The Daily Gamecock

‘Spurrier Rap’ stirs controversy

Prominent university figures cut from original video

The disclaimer on the “The Spurrier Rap” video lasts almost 10 seconds.

“The following video is NOT endorsed by the University of South Carolina. This is not the original version.”

There’s a very real reason for that disclaimer.

USC celebrities, including President Harris Pastides, men’s basketball coach Darrin Horn, women’s basketball coach Dawn Staley and baseball coach Ray Tanner all originally starred in the video. To begin the original version, Pastides performed in a humorous skit with radio personality Todd Ellis, ending with Pastides repeating a famous rap line: “All I do is win.” Staley and Horn posed on the basketball court, shooting tough looks toward the camera. Tanner stood with the national championship baseball trophy.

Fourth-year integrated information technology student Joey Thompson and fourth-year entrepreneurship student Fabio Frey, creators of the skit and volunteers for Student Gamecock Television, said University officials were originally very supportive of the project. But after seeing the final version, they changed their minds.

Thompson and Frey received a phone call from Cantey Heath, Pastides’ personal assistant. One day later, they were in a meeting with USC Athletics Director Eric Hyman.

Administrators told the students the lyrics were too raunchy. They were also concerned with the burning of the Clemson flag and the perceived thug imagery of the video, according to Thompson. The duo agreed to make some slight modifications but refused to totally adjust the vision of the project.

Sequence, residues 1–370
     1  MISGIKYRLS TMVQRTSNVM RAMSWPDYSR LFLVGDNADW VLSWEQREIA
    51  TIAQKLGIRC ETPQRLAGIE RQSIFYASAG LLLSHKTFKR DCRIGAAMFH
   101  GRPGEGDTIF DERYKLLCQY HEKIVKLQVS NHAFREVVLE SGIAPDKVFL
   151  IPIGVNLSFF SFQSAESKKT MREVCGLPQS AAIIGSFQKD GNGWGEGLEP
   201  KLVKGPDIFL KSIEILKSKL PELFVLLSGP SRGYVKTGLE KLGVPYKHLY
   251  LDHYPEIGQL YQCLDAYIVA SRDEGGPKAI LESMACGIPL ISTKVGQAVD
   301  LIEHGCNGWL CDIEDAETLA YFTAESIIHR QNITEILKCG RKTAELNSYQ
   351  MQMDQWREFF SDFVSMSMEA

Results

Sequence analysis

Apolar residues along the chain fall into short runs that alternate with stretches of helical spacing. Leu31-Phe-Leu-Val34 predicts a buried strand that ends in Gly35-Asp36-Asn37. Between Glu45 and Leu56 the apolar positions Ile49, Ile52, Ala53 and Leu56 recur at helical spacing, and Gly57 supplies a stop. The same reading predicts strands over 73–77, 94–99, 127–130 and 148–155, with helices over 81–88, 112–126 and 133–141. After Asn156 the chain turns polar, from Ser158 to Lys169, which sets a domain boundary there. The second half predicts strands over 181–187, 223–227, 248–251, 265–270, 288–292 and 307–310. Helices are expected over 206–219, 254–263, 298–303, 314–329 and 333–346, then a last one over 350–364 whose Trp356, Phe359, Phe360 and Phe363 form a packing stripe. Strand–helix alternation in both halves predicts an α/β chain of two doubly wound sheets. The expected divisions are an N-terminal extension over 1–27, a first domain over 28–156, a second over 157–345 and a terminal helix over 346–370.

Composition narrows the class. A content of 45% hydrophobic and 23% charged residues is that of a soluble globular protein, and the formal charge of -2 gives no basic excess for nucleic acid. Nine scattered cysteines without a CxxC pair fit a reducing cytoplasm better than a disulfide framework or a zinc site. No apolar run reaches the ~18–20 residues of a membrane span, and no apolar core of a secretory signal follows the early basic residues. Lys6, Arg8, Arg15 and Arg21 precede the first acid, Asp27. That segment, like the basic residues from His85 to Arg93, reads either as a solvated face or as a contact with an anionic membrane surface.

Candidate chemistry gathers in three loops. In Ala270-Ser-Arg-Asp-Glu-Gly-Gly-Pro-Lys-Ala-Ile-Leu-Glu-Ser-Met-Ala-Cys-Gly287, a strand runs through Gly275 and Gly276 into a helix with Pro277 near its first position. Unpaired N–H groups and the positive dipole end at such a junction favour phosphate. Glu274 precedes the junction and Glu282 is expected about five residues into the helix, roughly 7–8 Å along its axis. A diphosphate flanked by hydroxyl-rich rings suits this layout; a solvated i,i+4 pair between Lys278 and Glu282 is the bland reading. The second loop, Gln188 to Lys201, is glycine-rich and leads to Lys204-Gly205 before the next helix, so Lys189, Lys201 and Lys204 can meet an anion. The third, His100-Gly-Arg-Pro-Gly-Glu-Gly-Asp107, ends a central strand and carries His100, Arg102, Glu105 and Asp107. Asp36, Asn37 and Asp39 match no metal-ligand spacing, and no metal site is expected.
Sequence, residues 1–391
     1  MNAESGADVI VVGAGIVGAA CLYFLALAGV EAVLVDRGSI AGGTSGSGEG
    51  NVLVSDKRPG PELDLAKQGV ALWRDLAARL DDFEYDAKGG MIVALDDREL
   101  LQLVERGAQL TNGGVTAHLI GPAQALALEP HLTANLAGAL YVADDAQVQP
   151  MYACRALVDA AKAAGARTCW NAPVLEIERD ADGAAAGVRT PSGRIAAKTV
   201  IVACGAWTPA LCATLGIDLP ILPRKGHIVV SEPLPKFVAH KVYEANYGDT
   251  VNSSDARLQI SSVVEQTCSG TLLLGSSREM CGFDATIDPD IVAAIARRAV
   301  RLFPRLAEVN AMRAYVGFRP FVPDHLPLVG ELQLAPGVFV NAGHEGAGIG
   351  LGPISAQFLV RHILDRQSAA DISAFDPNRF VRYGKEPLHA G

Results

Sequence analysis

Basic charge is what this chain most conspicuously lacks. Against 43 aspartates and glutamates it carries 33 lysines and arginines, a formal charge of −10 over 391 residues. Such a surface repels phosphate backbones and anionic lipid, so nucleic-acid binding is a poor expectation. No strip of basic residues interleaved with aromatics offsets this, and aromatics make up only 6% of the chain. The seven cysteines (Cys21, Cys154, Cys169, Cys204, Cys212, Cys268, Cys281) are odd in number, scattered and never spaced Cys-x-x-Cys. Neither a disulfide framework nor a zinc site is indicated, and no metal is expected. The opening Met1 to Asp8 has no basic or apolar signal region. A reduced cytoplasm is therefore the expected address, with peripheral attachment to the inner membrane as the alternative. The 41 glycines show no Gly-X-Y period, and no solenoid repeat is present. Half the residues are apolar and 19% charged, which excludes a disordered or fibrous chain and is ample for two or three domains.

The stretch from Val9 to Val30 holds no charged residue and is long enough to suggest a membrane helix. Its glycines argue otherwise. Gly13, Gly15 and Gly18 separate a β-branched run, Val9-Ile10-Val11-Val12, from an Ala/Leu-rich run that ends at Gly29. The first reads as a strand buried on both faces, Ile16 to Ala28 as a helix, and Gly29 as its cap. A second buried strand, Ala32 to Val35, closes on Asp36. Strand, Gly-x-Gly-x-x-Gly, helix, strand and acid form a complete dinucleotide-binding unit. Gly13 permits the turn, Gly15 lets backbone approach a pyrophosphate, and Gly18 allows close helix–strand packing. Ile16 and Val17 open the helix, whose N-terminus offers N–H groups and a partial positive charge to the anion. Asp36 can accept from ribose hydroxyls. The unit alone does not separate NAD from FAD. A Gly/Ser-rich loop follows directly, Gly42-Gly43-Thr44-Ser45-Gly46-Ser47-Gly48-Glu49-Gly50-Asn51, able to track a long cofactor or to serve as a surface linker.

That meant USC celebrities had to go. With them went Cocky and USC’s cheerleaders.

“They even asked us to cater lyrics about the school and possibly mention the Darla Moore School of Business,” Thompson said. “... But we realized we weren’t willing to do that. As an artist, the worst thing you can do is compromise your vision.”

In an interview with The Daily Gamecock, Heath said the video could have been offensive to the public at large.

“We’re not in the business of offending people,” Heath said.

He referred further questions to USC Spokeswoman Margaret Lamb.

“We appreciate the spirit and creativity of our students,” Lamb said in a statement. “However, in this case there were concerns that the language and content were not appropriate and appeared to be endorsed by university leaders.”

The rap video has attracted almost 70,000 hits on YouTube and has been picked up by local blogs and media outlets. It features local rappers, students and camera shots from all around Columbia. Thompson said alumni and donors have e-mailed him expressing support of the project. He’s been contacted by an Atlanta investor and a T-shirt company would like to use the ‘Rock out with your Gamecock out’ logo. A few viewers have commented online noting the flag burning and content, but most of the comments posted by late Monday were supportive of the project.

According to Thompson, production of the video lasted almost two months. Five Columbia rappers were featured in the video, which was a “real rap video,” he said. It was recorded at the Jam Room, a studio in Columbia, which allowed them to record for free. In total, the video cost $40 to produce and Frey said the only item the duo spent money on was a Clemson flag, which is burned at the end of the video.

The video features former Heisman trophy winner George Rogers and former USC football stars Ryan Brewer and Mike Hold. They all saw the final version and didn’t object, according to Thompson.

“Columbia isn’t a bunch of happy, white people dancing in front of the library, but there’s a few people with a lot of money making the calls around here,” he said. “... If they’re smart, they’ll realize this video is getting them good publicity.”